Guest Post – The pseudo-moral outrage over Charter Schools

by Alwyn Poole

The NZEI/PPTA are continuing with their pseudo moral outrage around Charter/Partnership Schools in an effort to influence the submission process to government around the relevant Bill. As do some of the political opponents. The level of monologue from them is well below what you would expect in public discourse from people that you would have thought had to have some intellect to get in to the positions they are in. The hype reached a new, and tedious, low in the last few days with the PPTA criticizing John Banks for asking for public submissions on the bill while at the same time setting up a form document so their members don’t have to think to submit:

Then Tracey Martin of NZ First regurgitates some of the rants:

“New Zealand First says the Government is attempting to sneak through unpopular changes which will destroy our public education system.”

And

“The Education Amendment Bill requires comment on Charter Schools which will become cash cows for foreign investors.”

The other recourse of the unions is to take a mono-cultural country (Finland) where every teacher is required to have a post graduate qualification and say we need to be like them in all of our provisions. Or to state, despite recent trends that we are “world class”. This ignores the fact that for children from lower socio-economic homes and Maori and Pacific Island communities the differentials are huge (e.g. a 20% differential for Maori to non-Maori and Level 2 NCEA in 2011) and that recent TIMMS reports had NZ sliding. The “more money” argument doesn’t work either – New Zealand is the highest spender per capita in the OECD in this area.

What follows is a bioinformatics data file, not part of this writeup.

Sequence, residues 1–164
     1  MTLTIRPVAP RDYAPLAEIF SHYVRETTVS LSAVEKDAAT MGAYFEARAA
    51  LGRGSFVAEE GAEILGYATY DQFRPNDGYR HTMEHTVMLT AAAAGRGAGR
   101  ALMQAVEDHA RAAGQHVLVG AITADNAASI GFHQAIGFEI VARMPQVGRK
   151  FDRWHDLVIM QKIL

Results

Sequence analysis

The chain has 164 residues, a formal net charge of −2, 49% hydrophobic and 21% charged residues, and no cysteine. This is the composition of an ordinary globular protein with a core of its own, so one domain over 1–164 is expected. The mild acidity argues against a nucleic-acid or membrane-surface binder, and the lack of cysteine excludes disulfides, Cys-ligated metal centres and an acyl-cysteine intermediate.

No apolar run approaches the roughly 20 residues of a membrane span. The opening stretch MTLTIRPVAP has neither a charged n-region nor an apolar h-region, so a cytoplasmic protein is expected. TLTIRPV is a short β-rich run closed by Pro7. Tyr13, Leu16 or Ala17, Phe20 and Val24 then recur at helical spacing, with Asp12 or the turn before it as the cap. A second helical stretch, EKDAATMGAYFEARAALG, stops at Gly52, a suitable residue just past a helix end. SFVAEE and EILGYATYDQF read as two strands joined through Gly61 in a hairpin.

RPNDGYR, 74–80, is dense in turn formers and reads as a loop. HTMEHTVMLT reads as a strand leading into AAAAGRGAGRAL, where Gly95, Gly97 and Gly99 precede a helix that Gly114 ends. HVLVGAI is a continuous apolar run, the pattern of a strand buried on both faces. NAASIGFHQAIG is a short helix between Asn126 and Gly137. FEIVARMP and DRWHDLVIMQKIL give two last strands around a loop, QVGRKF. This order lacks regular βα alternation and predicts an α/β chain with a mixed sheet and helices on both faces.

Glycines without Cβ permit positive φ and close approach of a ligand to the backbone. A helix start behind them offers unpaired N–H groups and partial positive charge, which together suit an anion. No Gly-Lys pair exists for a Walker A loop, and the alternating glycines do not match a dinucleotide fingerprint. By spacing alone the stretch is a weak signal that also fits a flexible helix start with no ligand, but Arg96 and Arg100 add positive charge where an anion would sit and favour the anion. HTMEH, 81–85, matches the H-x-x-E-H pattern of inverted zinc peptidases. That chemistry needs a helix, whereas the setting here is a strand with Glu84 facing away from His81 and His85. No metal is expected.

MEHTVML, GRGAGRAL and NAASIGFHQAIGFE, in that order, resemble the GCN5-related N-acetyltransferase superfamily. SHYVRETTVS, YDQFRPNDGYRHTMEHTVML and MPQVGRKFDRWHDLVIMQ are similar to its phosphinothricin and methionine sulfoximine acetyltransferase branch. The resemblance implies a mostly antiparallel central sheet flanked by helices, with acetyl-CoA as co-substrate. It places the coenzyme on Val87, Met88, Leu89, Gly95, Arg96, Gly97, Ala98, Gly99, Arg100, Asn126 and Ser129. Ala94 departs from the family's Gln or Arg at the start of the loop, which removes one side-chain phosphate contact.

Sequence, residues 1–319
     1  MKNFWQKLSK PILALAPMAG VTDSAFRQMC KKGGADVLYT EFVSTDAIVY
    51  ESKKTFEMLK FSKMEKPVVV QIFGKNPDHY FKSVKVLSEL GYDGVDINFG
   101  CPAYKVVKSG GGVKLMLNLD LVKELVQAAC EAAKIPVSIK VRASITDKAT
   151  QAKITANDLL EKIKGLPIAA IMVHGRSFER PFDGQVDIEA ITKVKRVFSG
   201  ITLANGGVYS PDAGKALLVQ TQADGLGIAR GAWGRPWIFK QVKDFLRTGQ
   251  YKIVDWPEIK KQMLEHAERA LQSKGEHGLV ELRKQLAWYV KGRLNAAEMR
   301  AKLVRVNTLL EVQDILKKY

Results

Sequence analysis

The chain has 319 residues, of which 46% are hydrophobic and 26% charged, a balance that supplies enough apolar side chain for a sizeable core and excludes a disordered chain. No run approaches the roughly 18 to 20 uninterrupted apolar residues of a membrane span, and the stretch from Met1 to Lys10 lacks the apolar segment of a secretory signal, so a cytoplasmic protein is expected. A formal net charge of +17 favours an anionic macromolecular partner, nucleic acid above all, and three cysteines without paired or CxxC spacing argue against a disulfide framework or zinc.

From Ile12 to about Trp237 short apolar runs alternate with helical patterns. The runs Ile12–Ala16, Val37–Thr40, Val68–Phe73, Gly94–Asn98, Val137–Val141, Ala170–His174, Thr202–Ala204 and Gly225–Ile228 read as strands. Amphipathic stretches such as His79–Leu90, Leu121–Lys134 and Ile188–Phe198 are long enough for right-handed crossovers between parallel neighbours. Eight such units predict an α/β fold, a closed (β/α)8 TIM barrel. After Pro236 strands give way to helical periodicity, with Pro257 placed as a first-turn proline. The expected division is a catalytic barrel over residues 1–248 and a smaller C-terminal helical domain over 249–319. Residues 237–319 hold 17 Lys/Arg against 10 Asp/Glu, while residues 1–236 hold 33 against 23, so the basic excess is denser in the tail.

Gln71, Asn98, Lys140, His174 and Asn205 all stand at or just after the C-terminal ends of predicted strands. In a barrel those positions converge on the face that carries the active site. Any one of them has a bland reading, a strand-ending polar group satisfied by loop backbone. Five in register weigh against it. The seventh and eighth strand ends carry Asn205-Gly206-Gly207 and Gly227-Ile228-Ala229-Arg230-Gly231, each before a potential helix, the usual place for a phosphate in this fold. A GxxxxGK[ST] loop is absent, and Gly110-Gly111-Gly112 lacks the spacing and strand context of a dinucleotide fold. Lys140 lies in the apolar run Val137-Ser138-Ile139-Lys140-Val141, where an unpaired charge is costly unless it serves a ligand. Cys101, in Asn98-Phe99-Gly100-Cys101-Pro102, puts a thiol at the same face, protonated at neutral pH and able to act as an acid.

Almost every family will tell you that there is a “could do better” aspect to their child’s education. New Zealand is a small incredibly well resourced country and every community should be utterly dissatisfied until our education system is world leading and no child falls through the cracks. The children of this nation are that important. It seems completely against the mentality of the unions and others with a vested interest in education to be positive and put the children first.

What is the Charter School Opportunity?

The model is simple and aspects of it have been applied overseas with mixed results but enough indicators that if it is done well can help many children without hindering others. With an outstanding positive approach in New Zealand this can be completely NZ designed for NZ children and their families and – and where it is relevant – the best of the overseas aspects can be applied also.

The key to success is an outstanding application and permission process and strict ongoing accountability.

Private organisations (with permission) will be able to set up Partnership Schools and offer places to children. Those children will take something like their state funding to the new school (i.e. this is near fiscally neutral). No child will be compelled to attend and the focus (quite clearly under the proposed legislation) is to be on children who are otherwise not achieving. Where schools are oversubscribed a ballot will be applied. If what is offered is not good enough then people will not choose to send their children to those schools.

For Maori and Pacific Island communities this is a genuine opportunity to intervene in the quality of educational outcomes for their children and to take greater ownership of the well being of their youth.

For families where they feel that the “one size fits all” model is not working for their children this is an opportunity to co-operate and work on micro-schools with particular niches that allow their children to get through the qualification hoops and have greater choices going into adulthood.